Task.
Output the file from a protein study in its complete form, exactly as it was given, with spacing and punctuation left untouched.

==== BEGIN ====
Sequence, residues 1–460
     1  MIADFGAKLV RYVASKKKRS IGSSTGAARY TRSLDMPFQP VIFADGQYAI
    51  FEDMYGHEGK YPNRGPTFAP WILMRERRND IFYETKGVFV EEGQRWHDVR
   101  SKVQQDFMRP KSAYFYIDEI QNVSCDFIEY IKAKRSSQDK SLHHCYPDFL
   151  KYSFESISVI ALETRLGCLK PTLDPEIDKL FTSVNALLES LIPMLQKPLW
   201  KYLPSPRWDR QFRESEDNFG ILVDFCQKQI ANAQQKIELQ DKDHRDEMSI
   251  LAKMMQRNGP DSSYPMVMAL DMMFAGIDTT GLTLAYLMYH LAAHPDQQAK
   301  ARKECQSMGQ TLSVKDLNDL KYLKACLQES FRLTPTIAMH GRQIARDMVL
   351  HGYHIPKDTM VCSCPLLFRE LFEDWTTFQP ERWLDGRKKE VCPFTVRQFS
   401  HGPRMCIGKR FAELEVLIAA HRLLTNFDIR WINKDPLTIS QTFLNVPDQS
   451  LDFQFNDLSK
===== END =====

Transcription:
Sequence, residues 1–460
     1  MIADFGAKLV RYVASKKKRS IGSSTGAARY TRSLDMPFQP VIFADGQYAI
    51  FEDMYGHEGK YPNRGPTFAP WILMRERRND IFYETKGVFV EEGQRWHDVR
   101  SKVQQDFMRP KSAYFYIDEI QNVSCDFIEY IKAKRSSQDK SLHHCYPDFL
   151  KYSFESISVI ALETRLGCLK PTLDPEIDKL FTSVNALLES LIPMLQKPLW
   201  KYLPSPRWDR QFRESEDNFG ILVDFCQKQI ANAQQKIELQ DKDHRDEMSI
   251  LAKMMQRNGP DSSYPMVMAL DMMFAGIDTT GLTLAYLMYH LAAHPDQQAK
   301  ARKECQSMGQ TLSVKDLNDL KYLKACLQES FRLTPTIAMH GRQIARDMVL
   351  HGYHIPKDTM VCSCPLLFRE LFEDWTTFQP ERWLDGRKKE VCPFTVRQFS
   401  HGPRMCIGKR FAELEVLIAA HRLLTNFDIR WINKDPLTIS QTFLNVPDQS
   451  LDFQFNDLSK